(The Center Square) – Illinois is part of a $26 billion settlement with several companies over their role in the opioid epidemic, and a nonpartisan fact tank say the money presents an opportunity to fight drug abuse.
The state could receive nearly $800 million from the settlement announced last week with McKesson Corp., Cardinal Health, AmerisourceBergen and Johnson & Johnson. Attorney General Kwame Raoul has indicated Illinois will sign the settlement.
The distributors were accused of lax controls that allowed massive amounts of painkillers to be diverted into illegal channels, sometimes with devastating results. J & J was accused of downplaying the addiction risk in its marketing.
In 2020, there were nearly 3,000 opioid overdose deaths in Illinois, a 33% increase from 2019. The crisis has been blamed for hundreds of thousands of U.S. overdose deaths since 1999.
In an op-ed, budget and health experts at Pew Charitable Trusts advised state lawmakers on how to manage their settlement funds to ensure these new resources are channeled to reduce overdose deaths and support recovery programs.
Beth Connolly, project director with Pew’s substance use prevention and treatment initiative, points to the 1998 settlement with tobacco companies, which also brought billions of dollars into state coffers.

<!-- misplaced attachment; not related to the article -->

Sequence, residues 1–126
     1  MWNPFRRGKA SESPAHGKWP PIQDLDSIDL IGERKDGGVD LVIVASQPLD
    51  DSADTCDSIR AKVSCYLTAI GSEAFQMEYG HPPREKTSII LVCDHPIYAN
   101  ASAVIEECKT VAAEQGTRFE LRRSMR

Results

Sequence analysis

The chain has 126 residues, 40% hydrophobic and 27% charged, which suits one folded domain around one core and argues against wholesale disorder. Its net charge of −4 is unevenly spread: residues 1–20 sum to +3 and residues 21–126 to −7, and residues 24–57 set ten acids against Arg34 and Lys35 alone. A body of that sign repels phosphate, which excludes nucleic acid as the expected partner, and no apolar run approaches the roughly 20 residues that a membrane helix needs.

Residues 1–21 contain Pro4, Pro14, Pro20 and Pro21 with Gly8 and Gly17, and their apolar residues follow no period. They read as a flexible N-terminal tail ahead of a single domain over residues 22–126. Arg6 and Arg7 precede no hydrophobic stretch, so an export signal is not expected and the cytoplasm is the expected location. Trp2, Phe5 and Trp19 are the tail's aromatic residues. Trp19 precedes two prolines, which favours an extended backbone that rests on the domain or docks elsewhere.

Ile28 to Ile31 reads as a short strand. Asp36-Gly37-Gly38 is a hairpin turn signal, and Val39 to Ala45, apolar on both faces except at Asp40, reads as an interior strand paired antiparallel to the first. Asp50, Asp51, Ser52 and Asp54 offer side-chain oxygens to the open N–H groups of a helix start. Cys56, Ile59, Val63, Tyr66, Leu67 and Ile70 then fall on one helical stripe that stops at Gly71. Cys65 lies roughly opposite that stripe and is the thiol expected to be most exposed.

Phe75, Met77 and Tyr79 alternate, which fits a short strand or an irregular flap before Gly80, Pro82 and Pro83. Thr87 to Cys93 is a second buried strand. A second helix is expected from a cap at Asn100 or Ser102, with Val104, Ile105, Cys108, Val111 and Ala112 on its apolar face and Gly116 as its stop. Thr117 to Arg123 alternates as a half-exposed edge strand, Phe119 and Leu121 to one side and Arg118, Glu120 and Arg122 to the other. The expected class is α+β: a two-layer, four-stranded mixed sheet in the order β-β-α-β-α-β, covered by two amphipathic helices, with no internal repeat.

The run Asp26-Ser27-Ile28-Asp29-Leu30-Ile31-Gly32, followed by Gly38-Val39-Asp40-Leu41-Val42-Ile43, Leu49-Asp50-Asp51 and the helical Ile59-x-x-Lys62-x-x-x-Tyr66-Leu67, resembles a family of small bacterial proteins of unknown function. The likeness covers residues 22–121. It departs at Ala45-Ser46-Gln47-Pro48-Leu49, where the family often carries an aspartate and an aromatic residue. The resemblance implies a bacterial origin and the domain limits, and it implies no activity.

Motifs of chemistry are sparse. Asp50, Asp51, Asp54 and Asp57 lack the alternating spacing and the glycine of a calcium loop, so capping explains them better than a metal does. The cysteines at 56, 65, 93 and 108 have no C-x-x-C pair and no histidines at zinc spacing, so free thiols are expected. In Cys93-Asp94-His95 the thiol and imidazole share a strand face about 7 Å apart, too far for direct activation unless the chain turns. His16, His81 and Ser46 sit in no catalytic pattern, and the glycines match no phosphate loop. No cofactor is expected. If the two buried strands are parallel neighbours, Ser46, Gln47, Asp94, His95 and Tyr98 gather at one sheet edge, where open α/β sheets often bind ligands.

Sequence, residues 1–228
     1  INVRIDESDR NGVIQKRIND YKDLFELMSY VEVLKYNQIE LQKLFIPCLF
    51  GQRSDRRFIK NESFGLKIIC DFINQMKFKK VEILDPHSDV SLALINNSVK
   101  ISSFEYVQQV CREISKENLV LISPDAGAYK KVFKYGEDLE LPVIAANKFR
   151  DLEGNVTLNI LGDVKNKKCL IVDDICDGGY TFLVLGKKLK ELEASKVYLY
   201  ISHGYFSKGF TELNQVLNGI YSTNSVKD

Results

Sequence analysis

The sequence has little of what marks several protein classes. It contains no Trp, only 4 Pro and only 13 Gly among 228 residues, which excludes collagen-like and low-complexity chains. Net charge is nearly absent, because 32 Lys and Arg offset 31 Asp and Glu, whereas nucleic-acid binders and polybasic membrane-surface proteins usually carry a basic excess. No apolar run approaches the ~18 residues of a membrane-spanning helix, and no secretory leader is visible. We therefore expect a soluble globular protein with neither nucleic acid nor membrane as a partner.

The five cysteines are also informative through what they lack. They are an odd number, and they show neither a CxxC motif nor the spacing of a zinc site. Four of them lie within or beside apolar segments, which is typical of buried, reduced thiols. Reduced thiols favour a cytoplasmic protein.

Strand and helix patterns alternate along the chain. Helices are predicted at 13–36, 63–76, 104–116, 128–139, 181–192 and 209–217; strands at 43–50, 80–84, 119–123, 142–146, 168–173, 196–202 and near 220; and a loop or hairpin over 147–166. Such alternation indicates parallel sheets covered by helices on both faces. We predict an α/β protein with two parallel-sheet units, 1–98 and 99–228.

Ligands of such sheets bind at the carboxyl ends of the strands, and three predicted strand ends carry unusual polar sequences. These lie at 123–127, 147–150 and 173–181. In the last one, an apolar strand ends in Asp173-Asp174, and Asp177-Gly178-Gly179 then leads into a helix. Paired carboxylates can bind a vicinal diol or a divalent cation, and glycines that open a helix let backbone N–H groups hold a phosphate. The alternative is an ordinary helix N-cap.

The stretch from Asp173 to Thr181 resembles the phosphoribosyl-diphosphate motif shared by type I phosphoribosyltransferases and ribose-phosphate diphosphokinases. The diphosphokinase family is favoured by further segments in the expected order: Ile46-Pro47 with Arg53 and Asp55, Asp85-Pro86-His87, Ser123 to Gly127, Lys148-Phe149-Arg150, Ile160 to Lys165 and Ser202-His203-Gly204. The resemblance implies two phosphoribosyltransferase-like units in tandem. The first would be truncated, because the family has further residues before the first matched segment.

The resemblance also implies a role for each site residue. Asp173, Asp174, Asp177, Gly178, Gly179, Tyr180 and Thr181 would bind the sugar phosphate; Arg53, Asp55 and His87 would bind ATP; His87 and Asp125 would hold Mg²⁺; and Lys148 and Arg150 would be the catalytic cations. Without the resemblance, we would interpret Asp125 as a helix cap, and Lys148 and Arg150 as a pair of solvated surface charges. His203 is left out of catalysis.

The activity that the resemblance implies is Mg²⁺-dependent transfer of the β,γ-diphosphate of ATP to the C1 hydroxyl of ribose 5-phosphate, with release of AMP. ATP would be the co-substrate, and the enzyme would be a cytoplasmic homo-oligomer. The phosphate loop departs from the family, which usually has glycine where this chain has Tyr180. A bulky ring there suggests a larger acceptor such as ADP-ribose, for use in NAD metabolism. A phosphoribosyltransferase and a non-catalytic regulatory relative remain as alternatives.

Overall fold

“Some of the money that came into states was not used for smoking-related issues, and so it is our hope that these settlements will actually have terms that requires states to address the opioid crisis,” Connolly said.
In the case of opioid settlements, Connolly said policymakers can prevent a similar diversion by adopting clear policies and plans to use the funds, including for evidence-based programs.
“We know that there is a strong evidence-based medication for opioid use disorder and increasing access to these medications is critical,” said Connolly.
The Illinois Department of Human Services announced this week it is making naloxone more readily available to reverse the effect of opioid overdoses impacting Illinoisans with opioid use disorder.
IDHS is investing nearly $13 million aimed at fighting the epidemic through expanding access to medication. The funds will support the work of providers across the state, including organizations involved with community outreach programs to connect with persons who are at risk of an overdose.
At least 44 states must sign onto the deal to receive some of the settlement money, and some have already indicated they are out.
Hard-hit West Virginia has indicated it is going to pursue its own deal in hopes of a bigger payout. New Hampshire will do the same.